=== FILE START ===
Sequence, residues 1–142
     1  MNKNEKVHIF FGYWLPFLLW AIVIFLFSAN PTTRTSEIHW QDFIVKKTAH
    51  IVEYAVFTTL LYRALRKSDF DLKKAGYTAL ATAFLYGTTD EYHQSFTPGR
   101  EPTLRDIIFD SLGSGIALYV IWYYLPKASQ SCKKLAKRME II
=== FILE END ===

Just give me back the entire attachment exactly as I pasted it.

Sequence, residues 1–142
     1  MNKNEKVHIF FGYWLPFLLW AIVIFLFSAN PTTRTSEIHW QDFIVKKTAH
    51  IVEYAVFTTL LYRALRKSDF DLKKAGYTAL ATAFLYGTTD EYHQSFTPGR
   101  EPTLRDIIFD SLGSGIALYV IWYYLPKASQ SCKKLAKRME II